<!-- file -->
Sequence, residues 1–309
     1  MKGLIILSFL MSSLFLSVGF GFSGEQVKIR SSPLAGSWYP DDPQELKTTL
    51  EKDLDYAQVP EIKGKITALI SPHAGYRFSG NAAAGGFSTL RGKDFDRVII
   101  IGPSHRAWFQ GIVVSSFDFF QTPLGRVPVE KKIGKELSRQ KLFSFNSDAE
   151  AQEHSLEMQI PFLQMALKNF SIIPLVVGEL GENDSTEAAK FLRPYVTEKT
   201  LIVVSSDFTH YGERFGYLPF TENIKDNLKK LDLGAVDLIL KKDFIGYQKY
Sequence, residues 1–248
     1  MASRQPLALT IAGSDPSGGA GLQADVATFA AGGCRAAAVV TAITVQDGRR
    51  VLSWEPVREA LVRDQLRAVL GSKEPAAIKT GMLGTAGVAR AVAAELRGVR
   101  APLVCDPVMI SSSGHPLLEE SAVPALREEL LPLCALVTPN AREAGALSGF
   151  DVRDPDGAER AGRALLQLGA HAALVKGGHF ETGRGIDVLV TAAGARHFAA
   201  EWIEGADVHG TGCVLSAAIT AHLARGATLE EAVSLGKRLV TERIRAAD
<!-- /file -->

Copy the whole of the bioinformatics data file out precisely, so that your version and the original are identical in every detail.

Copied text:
Sequence, residues 1–309
     1  MKGLIILSFL MSSLFLSVGF GFSGEQVKIR SSPLAGSWYP DDPQELKTTL
    51  EKDLDYAQVP EIKGKITALI SPHAGYRFSG NAAAGGFSTL RGKDFDRVII
   101  IGPSHRAWFQ GIVVSSFDFF QTPLGRVPVE KKIGKELSRQ KLFSFNSDAE
   151  AQEHSLEMQI PFLQMALKNF SIIPLVVGEL GENDSTEAAK FLRPYVTEKT
   201  LIVVSSDFTH YGERFGYLPF TENIKDNLKK LDLGAVDLIL KKDFIGYQKY
Sequence, residues 1–248
     1  MASRQPLALT IAGSDPSGGA GLQADVATFA AGGCRAAAVV TAITVQDGRR
    51  VLSWEPVREA LVRDQLRAVL GSKEPAAIKT GMLGTAGVAR AVAAELRGVR
   101  APLVCDPVMI SSSGHPLLEE SAVPALREEL LPLCALVTPN AREAGALSGF
   151  DVRDPDGAER AGRALLQLGA HAALVKGGHF ETGRGIDVLV TAAGARHFAA
   201  EWIEGADVHG TGCVLSAAIT AHLARGATLE EAVSLGKRLV TERIRAAD